"Whereas the master narrative framed this state of affairs as proof of a benign government caring for unfortunate victims of circumstance, the colony’s archives reveal that Aboriginal people were removed from their ancient homelands by means fair and foul. This was the intent of the government, revealed by its actions and instructions and obfuscations. In the language of the day the Aboriginal Tasmanians had been deliberately, knowingly and wilfully extirpated. Today we could call it genocide."
Liked It's the (Democracy-Poisoning) Golden Age of Free Speech by Zeynep Tufekei (WIRED)
Discussing the democratic problems with YouTube and Facebook, Zeynep Tufekei argues that we can decide how we want to handle digital surveillance, attention-­channeling, harassment, data collection, and algorithmic decision­making, we just need to start the discussion.
Zeynep Tufekei explains that just because we can all create a social media account in seconds this supposed ‘democracy’ is a phantom public. Although it may seem that we can all ‘connect the world’s, each of the platforms is controlled by algorithms designed to keep the prosumer engaged and advertised. This is something that Tufekei also discusses in her TEDTalk. The change needed is systemic:

We don’t have to be resigned to the status quo. Facebook is only 13 years old, Twitter 11, and even Google is but 19. At this moment in the evolution of the auto industry, there were still no seat belts, airbags, emission controls, or mandatory crumple zones. The rules and incentive structures underlying how attention and surveillance work on the internet need to change. But in fairness to Facebook and Google and Twitter, while there’s a lot they could do better, the public outcry demanding that they fix all these problems is fundamentally mistaken. There are few solutions to the problems of digital discourse that don’t involve huge trade-offs—and those are not choices for Mark Zuckerberg alone to make. These are deeply political decisions. In the 20th century, the US passed laws that outlawed lead in paint and gasoline, that defined how much privacy a landlord needs to give his tenants, and that determined how much a phone company can surveil its customers. We can decide how we want to handle digital surveillance, attention-­channeling, harassment, data collection, and algorithmic decision­making. We just need to start the discussion. Now.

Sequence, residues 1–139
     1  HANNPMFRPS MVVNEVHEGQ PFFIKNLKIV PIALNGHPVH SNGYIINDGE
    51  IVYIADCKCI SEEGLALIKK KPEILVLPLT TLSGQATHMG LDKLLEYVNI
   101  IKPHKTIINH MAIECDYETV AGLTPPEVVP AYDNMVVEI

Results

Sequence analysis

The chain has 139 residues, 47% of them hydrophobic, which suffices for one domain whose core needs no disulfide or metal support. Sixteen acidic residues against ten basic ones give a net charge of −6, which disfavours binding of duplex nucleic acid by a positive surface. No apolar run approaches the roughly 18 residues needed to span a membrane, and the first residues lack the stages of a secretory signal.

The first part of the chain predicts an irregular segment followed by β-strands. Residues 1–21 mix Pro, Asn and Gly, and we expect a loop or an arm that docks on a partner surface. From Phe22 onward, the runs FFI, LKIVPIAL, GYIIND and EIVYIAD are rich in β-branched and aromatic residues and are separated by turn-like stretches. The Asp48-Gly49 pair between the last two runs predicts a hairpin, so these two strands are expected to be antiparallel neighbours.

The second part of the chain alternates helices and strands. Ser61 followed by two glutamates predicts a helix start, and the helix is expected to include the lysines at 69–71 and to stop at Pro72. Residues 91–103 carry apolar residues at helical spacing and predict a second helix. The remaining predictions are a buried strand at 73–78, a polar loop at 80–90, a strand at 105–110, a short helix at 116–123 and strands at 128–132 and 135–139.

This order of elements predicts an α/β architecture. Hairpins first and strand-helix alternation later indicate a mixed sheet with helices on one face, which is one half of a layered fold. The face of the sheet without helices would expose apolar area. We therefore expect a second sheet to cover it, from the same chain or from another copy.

Liked Is Technology Addictive? (Audrey Watters)
I was supposed to speak to a reporter today about iPhones and addiction, but the interview fell through. I jotted down some of my thoughts in preparation for the call, and I thought I’d post them here in case it’s a topic I decide to return to and flesh out more in the future…
Liked The Shape of Stories by Alex Quigley (The Confident Teacher)
When our students read and write they draw upon their knowledge of stories – sometimes consciously, sometimes unconsciously. The language and words and patterns become known and understood, matched and linked together. Over time, students develop what we can term a ‘mental model‘. That is to say, the more we read, the more we understand, the more we develop a ‘model’ of different types of stories and their respective worlds. We know that the earlier we read, and the greater the volume of our reading, the more fine grained and precise our ‘mental model’. For many children who join school, they are well on the way with being read to and the shape of stories – mental models – are already emerging in their minds. By secondary school, I can teach a gothic story, but most students could write a good attempt with little to no teaching. The shape of the story is already well formed in their minds.